BIA agency submitted data on prosecutors?

BELGRADE -- Documents showing that Security-Information Agency (BIA) was submitting data on prosecutors are authentic, Public Information Commissioner Rodoljub Šabić said.

Rodoljub Šabić
Rodoljub Šabić

State Prosecutors Council's records show that Vladimir Vukčević and Slobodan Radovanović requested information about candidates for deputy prosecutors from BIA.

The minutes from the State Prosecutors Council meeting in November 2009, which were posted online, clearly show that.

The public information commissioner has therefore requested an explanation. He also asked for an explanation last year when there were speculations that BIA had been submitting information about judges during the reelection.

Šabić told B92 that he had had a meeting with Justice Minister Snežana Malović and State Prosecutor Zagorka Dolovac regarding the issue.

“The minutes are authentic, the meeting from the minutes was held. We will find out what their content was, their effects and other facts when a response to my request arrives. Another interesting information is that the people who put that minutes online did not do anything illegal and they acquired the documents legally,“ he stressed.

The State Prosecutors Council told B92 that it would respond to the public information commissioner within 15 days and that it would cooperate with him.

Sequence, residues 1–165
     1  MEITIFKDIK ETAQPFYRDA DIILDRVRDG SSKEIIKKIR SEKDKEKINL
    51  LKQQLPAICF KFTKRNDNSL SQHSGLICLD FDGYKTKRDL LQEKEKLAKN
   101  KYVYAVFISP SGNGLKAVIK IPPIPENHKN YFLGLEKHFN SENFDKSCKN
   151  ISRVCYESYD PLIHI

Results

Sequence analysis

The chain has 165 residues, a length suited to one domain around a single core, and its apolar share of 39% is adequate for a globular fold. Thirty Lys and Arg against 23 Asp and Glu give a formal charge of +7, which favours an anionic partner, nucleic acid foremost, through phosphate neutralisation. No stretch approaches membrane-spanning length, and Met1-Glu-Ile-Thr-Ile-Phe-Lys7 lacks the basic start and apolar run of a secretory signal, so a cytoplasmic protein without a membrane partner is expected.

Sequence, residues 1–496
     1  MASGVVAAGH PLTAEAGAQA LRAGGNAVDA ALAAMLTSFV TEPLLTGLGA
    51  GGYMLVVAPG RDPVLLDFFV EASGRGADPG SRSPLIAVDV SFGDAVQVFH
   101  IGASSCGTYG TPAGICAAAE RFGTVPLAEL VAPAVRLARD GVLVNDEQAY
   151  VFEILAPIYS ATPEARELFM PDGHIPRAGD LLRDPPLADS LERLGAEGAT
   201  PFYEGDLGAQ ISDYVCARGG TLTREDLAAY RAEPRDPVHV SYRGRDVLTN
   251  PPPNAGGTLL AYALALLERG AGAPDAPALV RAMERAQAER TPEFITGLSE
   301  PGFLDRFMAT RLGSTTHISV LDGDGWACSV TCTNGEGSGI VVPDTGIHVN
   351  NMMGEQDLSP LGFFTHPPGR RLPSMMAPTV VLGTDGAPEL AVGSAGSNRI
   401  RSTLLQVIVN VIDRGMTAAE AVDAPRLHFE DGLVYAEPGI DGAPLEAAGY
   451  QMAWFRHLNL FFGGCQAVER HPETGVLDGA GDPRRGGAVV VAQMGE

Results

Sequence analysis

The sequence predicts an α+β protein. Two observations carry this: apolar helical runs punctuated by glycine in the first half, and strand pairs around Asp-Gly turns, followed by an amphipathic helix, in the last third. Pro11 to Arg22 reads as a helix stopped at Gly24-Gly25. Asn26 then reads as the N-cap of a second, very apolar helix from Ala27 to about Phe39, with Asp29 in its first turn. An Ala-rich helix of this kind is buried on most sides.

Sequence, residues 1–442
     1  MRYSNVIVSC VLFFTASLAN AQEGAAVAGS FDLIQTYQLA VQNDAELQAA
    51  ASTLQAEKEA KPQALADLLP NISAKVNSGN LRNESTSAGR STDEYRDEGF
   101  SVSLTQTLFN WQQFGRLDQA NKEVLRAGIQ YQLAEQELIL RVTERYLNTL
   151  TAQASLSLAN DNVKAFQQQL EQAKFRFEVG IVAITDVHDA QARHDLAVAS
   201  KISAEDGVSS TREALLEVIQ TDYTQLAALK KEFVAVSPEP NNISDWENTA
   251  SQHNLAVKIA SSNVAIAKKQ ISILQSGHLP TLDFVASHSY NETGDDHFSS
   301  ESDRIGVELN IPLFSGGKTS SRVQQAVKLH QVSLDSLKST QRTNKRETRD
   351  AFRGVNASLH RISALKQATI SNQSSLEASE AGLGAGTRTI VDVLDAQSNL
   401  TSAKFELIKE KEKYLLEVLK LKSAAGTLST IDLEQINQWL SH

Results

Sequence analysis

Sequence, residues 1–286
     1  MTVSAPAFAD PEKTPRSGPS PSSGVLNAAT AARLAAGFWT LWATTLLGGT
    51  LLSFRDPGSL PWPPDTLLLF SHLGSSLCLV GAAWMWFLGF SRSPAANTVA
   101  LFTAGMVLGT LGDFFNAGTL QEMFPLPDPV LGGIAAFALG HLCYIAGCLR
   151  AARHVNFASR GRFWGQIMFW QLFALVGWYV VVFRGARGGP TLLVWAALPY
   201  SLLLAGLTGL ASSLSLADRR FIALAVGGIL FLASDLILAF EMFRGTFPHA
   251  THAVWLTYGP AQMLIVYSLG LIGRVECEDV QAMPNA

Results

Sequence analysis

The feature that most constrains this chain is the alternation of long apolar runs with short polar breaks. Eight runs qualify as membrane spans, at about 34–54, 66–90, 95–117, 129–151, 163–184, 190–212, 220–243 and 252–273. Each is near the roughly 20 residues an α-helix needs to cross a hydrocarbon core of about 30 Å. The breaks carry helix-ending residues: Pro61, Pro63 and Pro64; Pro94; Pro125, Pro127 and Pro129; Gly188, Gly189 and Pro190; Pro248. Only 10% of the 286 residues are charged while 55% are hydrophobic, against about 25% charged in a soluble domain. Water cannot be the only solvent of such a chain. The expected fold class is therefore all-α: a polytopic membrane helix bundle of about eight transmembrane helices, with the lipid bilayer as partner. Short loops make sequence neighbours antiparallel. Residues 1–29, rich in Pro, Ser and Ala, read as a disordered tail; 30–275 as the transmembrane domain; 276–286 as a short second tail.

However, the law on organization of state bodies that combat against organized crime envisages that BIA and Military-Security Agency perform security checks of those who fight against organized crime without their knowledge.

”Whether the solution is good in a concrete situation is questionable. But it’s legal because it is envisaged by the law. But when we talk about such data processing in the general election of judges it is neither legal nor according to the law,” the public information commissioner pointed out.

Interior Minister Ivica Dačić has stated that he did not doubt BIA’s work.

”I don’t believe that BIA or any sort of security service or MUP (Serbian police) took part in work outside our jurisdiction. I am sure that everyone of us is acting in accordance with the law. There is sometimes a big deal about it in our public, primarily because of BIA’s former role in the political system,” he said.

This is not the first time that the public is speculating about BIA’s role in the election of judicial office holders. A year ago the BIA director said that the agency was collecting information about persons who were especially significant to the state. The State Prosecutors Council responded that this had not been done at its request and the ombudsman in the end confirmed that BIA did not take part in the election of judges.